My latest entry, covering the last 3 weeks of training, is full of successes and strife, as I struggle to not only get back in shape, but continue to assess my skills against those of amateur fighters learning beside me.
The coaches are still happy to have me, thankfully, as I always come in well conditioned, in the right mindset, and ready to go live at a moment's notice. Another skill that I was unaware they valued, was the patience and obedience to go over drills, ask questions, and repeat to the point of boredom without complaint. It could be my experience in the military, getting used to the "hurry up and wait" mentality, or simply an extra 8-10 years on the average fighter in the gym. Either way, they appreciate me setting a good example, and I appreciate them knowing I'm not a wrestler by nature.
That is their bread and butter, after all. I figured out in the second week that this gym was tailor made for wrestlers trying to convert to fighting. BY a wrestler who was also a boxer. It was somewhat awkward every time they asked me to shoot on the guy with the fight coming up. I did my best, but he sprawled, very easily, and the coaches knew I'd be of no real help in that area.
...until we got to add in strikes.
Now, I'm not Anderson Silva, nor am I Manny Pacquiao. In fact, if I start getting hit, I get "Joe Lewis-itis" and I plant my feet, start throwing power punches. I abandon head movement and just go until someone falls.
But when I'm NOT getting tagged, I can be fairly light on my feet. To help against the wrestlers, I've never been trained in the single-minded facet of the game. I learned my striking alongside my clinch, right alongside my takedowns and submissions. I transition well. So, against my usual partner, I was able to confuse him with a pawing jab and series of light hooks to get him to cover up long enough for me to take him down.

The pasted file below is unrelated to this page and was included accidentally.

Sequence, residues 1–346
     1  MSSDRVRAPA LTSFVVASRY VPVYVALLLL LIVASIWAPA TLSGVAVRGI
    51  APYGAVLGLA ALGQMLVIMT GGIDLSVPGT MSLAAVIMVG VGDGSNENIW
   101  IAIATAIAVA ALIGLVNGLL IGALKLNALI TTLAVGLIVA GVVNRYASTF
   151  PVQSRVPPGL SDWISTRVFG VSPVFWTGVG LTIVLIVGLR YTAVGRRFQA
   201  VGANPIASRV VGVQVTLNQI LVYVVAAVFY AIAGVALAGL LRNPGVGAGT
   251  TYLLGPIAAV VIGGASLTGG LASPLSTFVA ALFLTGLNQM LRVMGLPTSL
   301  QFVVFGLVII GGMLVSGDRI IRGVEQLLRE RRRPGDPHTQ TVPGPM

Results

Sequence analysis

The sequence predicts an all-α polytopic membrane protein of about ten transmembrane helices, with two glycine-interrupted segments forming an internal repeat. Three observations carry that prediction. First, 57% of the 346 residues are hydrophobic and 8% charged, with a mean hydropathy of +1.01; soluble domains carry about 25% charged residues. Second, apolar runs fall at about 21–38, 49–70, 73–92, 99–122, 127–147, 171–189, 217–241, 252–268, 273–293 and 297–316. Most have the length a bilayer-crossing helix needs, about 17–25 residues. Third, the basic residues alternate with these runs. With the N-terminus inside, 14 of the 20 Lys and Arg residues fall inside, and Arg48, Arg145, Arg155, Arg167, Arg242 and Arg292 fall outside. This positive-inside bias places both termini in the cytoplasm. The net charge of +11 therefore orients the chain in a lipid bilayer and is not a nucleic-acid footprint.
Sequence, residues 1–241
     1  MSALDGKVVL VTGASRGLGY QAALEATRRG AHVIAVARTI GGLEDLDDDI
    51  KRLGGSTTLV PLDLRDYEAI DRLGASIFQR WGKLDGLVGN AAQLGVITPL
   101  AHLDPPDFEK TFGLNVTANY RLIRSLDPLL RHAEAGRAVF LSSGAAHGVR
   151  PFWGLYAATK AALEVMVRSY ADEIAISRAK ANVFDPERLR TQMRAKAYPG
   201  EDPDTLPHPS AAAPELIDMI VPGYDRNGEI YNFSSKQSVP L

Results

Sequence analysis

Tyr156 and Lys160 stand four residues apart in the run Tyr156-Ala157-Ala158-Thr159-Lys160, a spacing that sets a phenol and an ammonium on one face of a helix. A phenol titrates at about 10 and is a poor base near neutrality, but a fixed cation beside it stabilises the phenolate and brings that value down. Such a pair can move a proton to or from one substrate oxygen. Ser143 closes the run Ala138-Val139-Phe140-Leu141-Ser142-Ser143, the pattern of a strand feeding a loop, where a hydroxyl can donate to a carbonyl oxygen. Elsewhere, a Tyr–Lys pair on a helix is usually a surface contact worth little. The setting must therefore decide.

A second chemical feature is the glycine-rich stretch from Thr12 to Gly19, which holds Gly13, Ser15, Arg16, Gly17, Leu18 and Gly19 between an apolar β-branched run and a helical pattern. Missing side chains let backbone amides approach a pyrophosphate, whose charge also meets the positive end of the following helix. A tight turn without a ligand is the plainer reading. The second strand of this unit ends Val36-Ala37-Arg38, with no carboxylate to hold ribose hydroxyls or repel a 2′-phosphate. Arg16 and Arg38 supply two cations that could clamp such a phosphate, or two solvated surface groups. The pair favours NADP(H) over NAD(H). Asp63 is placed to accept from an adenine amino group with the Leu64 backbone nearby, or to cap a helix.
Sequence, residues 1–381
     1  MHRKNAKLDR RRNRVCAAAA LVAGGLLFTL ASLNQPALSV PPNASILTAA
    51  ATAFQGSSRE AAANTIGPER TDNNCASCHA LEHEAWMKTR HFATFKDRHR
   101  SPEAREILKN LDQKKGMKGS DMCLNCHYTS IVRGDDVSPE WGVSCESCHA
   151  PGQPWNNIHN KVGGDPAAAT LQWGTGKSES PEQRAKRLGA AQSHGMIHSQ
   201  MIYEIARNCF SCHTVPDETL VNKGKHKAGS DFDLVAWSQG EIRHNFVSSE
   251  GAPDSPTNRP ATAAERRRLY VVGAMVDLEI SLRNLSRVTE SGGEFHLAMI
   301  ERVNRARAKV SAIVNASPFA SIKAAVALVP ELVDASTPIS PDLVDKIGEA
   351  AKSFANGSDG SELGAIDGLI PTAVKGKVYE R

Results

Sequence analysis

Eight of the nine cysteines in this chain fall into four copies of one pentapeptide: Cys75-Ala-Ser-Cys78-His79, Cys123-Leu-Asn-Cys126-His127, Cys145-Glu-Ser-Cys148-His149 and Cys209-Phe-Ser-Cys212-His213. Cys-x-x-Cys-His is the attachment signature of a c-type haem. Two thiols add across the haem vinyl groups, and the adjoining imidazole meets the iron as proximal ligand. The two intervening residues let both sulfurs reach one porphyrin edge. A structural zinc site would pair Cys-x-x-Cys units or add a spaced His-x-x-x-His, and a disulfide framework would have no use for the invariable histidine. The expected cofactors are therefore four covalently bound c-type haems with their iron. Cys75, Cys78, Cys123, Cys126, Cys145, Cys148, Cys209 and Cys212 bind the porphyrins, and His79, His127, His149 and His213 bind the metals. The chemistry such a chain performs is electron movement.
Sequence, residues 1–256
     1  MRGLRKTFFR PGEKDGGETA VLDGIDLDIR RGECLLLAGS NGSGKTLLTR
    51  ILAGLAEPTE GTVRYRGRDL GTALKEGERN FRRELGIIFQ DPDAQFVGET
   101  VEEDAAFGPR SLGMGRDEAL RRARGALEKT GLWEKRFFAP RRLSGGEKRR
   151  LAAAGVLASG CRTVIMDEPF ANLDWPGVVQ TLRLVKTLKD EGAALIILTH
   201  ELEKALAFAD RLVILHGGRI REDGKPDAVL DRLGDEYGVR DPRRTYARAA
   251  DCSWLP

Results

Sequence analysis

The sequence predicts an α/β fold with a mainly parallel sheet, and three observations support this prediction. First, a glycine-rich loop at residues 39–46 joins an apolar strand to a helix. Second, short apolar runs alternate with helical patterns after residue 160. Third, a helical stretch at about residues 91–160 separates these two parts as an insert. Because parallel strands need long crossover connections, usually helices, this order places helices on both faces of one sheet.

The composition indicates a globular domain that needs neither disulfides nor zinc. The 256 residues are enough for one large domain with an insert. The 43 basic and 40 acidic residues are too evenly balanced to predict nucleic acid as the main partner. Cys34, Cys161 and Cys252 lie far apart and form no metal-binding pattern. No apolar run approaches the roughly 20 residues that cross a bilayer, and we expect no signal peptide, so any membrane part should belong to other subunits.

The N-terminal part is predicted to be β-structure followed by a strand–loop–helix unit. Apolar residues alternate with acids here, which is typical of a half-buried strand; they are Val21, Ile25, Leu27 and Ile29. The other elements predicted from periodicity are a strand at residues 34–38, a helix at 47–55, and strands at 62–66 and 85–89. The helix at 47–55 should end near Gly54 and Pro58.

My elation was short lived, however, as the next round he hit me with a thunderous high crotch slam and popped my jaw out of place with a thudding left hand. I knew that it was out of place and I couldn't bite down fully on my mouthguard on the left side. I simply asked for a few minutes, stepped outside and took a few minutes, a ton of deep breaths, and pushed it back into place. Well, slapped/hit it back into place.
Either way, problem solved and I finished the night. My partner was grateful for me coming back, as I was the only one close enough to his body weight and conditioning level to help him out in the later rounds. He also apologized profusely about the hard hit, but I told him that I'd rather have him hit me hard here and win his match than slap me here and get knocked out later.
Grappling practice continued much like this over the 3 week period.
Striking, however, was entirely different.
My mind, as stated above, was trained to transition, transition, transition. Use striking for takedowns or the clinch, keep the opponents guessing. Not so lucky in boxing. Doubly unlucky that I was paired up with the 2 250+ pounders for boxing. They are great guys, don't get me wrong. Funny, eager to learn, helpful.
That said, they hit me like I owed them money.
Crushing hooks and uppercuts. Even drilling with them shook my head and put the taste of copper in my mouth. It hurt, but I knew that it was helping my defense, because I was instinctively countering and dodging just to prevent having my head caved in.
We started live fighting at the end of class, and bad news struck. Twice. First, I clashed heads and knocked the first guy completely out. It wasn't my fault, really, as he bull rushed me and jumped in with the crown of his head right at my face. But I didn't exactly dodge it. Planted my feet and drove my chin down.
The second guy fared much better, as he was blasting me in the corner before I uncorked a right uppercut and drilled him hard enough to create some space. But I was not without injury, as my thumb got caught in his loose headgear and instantly sprained it.